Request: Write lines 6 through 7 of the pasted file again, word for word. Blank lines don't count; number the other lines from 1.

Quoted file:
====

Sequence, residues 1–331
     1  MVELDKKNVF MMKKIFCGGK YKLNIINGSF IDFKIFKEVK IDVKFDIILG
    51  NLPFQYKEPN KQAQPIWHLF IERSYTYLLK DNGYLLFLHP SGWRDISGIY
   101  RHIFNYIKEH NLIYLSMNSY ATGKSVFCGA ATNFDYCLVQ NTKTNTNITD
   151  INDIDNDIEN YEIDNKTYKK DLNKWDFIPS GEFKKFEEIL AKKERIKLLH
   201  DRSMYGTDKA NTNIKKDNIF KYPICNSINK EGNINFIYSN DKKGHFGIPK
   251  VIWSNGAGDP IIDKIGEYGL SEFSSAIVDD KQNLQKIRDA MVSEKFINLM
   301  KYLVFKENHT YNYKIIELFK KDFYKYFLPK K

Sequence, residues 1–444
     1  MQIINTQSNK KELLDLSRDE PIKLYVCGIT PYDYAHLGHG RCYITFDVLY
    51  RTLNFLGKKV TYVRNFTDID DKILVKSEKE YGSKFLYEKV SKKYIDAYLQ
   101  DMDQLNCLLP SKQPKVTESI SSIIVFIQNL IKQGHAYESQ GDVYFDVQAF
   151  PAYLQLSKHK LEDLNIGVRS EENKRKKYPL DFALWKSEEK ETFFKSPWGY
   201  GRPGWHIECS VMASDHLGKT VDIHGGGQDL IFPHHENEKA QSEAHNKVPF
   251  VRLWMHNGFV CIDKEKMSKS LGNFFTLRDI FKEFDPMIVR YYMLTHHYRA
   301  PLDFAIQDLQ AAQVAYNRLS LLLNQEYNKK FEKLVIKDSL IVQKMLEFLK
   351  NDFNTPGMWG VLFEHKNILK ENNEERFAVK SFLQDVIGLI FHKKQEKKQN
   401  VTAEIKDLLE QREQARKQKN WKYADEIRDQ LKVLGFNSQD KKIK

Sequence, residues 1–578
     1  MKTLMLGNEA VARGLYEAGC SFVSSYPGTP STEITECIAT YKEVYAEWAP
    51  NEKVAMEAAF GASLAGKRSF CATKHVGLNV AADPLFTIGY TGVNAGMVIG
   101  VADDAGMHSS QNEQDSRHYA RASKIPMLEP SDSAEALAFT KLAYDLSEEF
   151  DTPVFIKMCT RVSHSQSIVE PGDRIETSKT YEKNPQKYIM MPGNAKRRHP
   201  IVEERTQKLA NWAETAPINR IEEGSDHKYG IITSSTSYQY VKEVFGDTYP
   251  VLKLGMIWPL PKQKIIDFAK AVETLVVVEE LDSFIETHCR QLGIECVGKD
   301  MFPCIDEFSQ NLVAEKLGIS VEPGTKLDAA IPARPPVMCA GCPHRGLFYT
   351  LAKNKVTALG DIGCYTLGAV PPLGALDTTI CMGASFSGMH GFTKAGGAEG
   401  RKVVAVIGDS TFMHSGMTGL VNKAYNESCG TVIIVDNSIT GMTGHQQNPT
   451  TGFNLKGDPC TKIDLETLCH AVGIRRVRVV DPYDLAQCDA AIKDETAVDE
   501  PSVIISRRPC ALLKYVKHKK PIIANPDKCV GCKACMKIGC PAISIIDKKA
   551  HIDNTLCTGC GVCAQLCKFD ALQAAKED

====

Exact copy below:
   201  DRSMYGTDKA NTNIKKDNIF KYPICNSINK EGNINFIYSN DKKGHFGIPK
   251  VIWSNGAGDP IIDKIGEYGL SEFSSAIVDD KQNLQKIRDA MVSEKFINLM